Nyeri Town MP Ngunjiri Wambugu has called on the Independent Electoral and Boundaries Commission (IEBC) chairperson Wafula Chebukati to resign for taking a position on the role of Cabinet Secretaries in politics.
Speaking in Nyeri town yesterday when he hosted Murang’a Woman Representative Sabina Chege, and her delegation, Wambugu said Chebukati is biased on his position on the Cabinet involvement in politics.
“His comments can only be interpreted as political because we have a Deputy President who is a member of Cabinet, and the IEBC chair has never called him out for taking a political position,” he noted.
He argued that the IEBC chair has been quiet even as the DP actively campaigns for his 2022 presidential bid.
“In my opinion, Chebukati is quick to say that CSs should not take a political position and that is very biased,” he stated.
He noted that while Cabinet Secretaries such as Fred Matiangi (Interior) and Joe Mucheru (ICT) have political opinions, they were not directly involved in the election while Chebukati is the head of the electoral agency.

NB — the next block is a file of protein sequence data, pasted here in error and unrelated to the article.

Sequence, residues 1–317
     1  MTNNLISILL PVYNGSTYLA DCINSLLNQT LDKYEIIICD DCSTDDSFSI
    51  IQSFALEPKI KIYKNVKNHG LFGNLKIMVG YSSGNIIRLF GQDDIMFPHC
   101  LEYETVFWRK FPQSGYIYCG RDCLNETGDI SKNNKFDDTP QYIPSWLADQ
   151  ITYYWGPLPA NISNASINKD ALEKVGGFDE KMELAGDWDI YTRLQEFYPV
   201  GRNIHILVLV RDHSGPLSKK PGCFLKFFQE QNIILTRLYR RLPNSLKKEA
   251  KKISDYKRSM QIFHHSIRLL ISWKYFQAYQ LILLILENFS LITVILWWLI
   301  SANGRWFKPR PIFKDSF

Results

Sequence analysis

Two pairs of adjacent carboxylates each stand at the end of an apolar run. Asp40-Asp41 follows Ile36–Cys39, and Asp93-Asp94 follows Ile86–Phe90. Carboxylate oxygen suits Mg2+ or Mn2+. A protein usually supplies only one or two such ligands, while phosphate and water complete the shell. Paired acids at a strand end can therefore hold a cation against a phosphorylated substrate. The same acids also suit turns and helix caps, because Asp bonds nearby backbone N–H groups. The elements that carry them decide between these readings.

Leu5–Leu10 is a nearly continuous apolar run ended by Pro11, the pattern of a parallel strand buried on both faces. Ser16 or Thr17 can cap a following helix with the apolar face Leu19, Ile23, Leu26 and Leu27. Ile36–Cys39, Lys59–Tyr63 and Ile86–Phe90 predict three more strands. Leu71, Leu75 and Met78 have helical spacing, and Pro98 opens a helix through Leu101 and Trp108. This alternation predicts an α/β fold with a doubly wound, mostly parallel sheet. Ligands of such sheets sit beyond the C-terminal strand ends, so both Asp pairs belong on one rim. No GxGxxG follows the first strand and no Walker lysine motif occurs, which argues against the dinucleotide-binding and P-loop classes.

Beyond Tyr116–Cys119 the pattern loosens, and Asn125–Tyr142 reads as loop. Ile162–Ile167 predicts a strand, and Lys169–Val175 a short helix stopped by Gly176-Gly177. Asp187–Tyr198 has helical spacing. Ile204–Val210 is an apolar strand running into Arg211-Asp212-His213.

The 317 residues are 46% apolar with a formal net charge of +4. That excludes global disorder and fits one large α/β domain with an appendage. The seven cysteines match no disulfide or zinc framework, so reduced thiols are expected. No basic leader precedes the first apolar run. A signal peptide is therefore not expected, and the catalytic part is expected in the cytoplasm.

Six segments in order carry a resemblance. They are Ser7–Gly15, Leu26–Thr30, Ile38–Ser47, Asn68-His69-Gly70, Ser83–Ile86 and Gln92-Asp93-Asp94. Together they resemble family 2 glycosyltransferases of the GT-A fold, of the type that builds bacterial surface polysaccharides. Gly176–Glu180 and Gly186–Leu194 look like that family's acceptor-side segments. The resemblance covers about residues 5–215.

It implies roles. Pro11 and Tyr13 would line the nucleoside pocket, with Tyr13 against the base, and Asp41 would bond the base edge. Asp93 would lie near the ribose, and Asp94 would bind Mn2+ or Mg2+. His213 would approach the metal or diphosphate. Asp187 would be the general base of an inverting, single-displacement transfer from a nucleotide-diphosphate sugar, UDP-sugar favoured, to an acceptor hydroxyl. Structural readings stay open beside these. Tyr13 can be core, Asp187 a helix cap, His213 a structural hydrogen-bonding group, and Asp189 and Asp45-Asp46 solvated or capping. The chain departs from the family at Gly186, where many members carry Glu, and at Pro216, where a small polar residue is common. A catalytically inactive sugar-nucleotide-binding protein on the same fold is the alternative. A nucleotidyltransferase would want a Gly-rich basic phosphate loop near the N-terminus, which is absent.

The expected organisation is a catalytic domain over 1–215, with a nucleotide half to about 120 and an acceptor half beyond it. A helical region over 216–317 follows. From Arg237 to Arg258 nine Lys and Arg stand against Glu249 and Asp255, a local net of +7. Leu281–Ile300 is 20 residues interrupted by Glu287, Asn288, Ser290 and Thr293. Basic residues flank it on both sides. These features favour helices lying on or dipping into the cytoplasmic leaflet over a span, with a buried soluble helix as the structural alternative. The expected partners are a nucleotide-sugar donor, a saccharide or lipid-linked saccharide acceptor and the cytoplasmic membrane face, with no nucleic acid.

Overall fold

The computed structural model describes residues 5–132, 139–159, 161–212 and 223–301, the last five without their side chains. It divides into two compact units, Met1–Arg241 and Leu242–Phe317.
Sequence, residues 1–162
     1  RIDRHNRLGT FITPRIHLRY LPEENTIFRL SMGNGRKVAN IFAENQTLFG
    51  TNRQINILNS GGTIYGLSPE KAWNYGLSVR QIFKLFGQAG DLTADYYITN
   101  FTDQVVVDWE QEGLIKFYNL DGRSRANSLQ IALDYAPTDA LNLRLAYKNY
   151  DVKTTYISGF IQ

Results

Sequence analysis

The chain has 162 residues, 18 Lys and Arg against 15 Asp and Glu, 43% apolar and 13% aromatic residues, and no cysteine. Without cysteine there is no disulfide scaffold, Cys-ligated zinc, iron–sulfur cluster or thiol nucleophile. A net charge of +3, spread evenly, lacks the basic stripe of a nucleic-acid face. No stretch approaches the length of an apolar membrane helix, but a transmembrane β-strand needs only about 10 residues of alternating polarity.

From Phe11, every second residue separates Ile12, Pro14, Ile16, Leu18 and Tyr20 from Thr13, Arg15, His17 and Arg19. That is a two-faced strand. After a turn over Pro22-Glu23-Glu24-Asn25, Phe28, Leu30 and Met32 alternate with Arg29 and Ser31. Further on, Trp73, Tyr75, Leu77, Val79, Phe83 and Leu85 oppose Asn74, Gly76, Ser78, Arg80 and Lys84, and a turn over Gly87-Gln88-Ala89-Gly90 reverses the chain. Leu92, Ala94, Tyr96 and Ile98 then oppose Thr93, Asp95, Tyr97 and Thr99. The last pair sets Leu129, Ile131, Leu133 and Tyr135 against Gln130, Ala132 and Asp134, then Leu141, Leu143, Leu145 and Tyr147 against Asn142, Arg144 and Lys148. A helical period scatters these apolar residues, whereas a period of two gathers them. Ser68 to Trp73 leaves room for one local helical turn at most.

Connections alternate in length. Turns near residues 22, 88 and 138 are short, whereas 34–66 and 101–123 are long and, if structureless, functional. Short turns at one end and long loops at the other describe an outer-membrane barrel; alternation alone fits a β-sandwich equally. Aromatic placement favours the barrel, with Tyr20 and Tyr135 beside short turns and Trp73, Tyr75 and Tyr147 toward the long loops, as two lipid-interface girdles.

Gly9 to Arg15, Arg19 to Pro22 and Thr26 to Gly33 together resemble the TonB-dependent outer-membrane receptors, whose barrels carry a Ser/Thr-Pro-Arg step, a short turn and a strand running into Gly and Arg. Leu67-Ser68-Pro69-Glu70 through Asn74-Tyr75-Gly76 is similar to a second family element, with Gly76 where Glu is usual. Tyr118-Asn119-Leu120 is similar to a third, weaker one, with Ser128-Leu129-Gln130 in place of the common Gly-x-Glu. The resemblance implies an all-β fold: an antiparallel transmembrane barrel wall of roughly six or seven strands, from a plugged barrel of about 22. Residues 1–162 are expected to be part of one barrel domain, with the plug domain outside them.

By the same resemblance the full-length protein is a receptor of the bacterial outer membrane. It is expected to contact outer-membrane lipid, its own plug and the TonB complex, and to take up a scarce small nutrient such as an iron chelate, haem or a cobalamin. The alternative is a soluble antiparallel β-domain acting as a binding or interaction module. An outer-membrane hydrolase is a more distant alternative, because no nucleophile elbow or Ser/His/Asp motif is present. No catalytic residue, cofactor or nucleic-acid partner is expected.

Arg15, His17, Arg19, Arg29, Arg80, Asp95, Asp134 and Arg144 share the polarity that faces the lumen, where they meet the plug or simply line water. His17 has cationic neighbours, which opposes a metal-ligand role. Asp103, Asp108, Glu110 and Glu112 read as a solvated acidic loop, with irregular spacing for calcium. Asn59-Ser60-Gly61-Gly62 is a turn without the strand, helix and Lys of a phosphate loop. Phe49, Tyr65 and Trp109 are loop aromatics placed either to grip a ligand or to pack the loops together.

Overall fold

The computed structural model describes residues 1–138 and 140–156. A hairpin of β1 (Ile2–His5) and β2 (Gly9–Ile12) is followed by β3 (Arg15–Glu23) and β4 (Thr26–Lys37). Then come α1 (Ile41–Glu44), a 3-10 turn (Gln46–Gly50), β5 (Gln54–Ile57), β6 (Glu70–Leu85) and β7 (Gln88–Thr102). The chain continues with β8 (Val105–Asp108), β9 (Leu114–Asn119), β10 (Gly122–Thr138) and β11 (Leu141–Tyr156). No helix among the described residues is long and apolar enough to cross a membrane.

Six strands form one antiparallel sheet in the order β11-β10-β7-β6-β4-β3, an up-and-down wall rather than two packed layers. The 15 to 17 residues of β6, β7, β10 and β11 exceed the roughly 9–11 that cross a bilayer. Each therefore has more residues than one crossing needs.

“He (Chebukati) has taken a position by taking sides between CSs and the DP, therefore, we should consider finding someone else to chair the IEBC who is not as obvious as he is,” Wambugu said.
The Nyeri Town MP said that if indeed the IEBC chair has taken a political position then the role of heading the team of referees who will be in charge of the upcoming election should be given to someone else.
“He needs to just go home and we find a suitable replacement for the IEBC chair. We have over 45 million Kenyans. I am sure we can find someone else,” he said.
Wambugu was responding to Chebukati’s warning to CSs engaging in 2022 politics.
The IEBC chair was speaking in response to a letter by UDA which sought clarification on the subject of Matiang’i and Mucheru’s involvement in poll planning teams.
“There is need for all state officers and public officers to uphold political neutrality,” Chebukati said.
The IEBC chair pointed out that Section 23 of the Leadership and Integrity Act, 2012, which seems to give Cabinet Secretaries and County Executive Committee Members a lifeline to engage in political activity is insufficient.
“That statutory provision no doubt falls foul of the constitutional underpins under Chapter Six of Constitution,” Chebukati wrote.